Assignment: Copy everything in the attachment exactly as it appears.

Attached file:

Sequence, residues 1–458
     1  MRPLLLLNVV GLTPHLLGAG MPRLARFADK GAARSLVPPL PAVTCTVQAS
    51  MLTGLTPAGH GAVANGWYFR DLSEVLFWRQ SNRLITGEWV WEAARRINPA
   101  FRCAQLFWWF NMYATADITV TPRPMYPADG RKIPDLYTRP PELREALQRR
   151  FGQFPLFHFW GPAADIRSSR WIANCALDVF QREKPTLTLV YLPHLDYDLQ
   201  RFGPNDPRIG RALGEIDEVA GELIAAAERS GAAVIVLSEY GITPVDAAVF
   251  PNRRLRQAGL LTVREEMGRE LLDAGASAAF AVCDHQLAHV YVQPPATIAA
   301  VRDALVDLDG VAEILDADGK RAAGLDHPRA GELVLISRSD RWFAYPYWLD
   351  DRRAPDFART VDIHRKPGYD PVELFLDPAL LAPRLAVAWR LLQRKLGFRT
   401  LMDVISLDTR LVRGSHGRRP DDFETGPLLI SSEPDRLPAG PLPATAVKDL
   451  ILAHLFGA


Sequence, residues 1–458
     1  MRPLLLLNVV GLTPHLLGAG MPRLARFADK GAARSLVPPL PAVTCTVQAS
    51  MLTGLTPAGH GAVANGWYFR DLSEVLFWRQ SNRLITGEWV WEAARRINPA
   101  FRCAQLFWWF NMYATADITV TPRPMYPADG RKIPDLYTRP PELREALQRR
   151  FGQFPLFHFW GPAADIRSSR WIANCALDVF QREKPTLTLV YLPHLDYDLQ
   201  RFGPNDPRIG RALGEIDEVA GELIAAAERS GAAVIVLSEY GITPVDAAVF
   251  PNRRLRQAGL LTVREEMGRE LLDAGASAAF AVCDHQLAHV YVQPPATIAA
   301  VRDALVDLDG VAEILDADGK RAAGLDHPRA GELVLISRSD RWFAYPYWLD
   351  DRRAPDFART VDIHRKPGYD PVELFLDPAL LAPRLAVAWR LLQRKLGFRT
   401  LMDVISLDTR LVRGSHGRRP DDFETGPLLI SSEPDRLPAG PLPATAVKDL
   451  ILAHLFGA